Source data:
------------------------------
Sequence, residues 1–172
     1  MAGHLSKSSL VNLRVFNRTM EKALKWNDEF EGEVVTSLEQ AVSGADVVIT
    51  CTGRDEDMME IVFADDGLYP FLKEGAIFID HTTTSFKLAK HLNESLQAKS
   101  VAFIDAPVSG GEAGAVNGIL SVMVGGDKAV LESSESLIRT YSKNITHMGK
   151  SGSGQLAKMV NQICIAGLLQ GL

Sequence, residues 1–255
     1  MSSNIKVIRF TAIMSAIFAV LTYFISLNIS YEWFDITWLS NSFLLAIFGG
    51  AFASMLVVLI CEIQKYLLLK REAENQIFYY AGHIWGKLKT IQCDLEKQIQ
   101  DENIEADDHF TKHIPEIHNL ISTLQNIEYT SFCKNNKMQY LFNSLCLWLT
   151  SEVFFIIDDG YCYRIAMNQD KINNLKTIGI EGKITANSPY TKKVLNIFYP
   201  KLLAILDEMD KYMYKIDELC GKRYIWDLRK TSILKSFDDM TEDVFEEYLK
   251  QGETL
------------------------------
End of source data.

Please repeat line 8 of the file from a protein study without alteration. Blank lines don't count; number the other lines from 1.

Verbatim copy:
    51  AFASMLVVLI CEIQKYLLLK REAENQIFYY AGHIWGKLKT IQCDLEKQIQ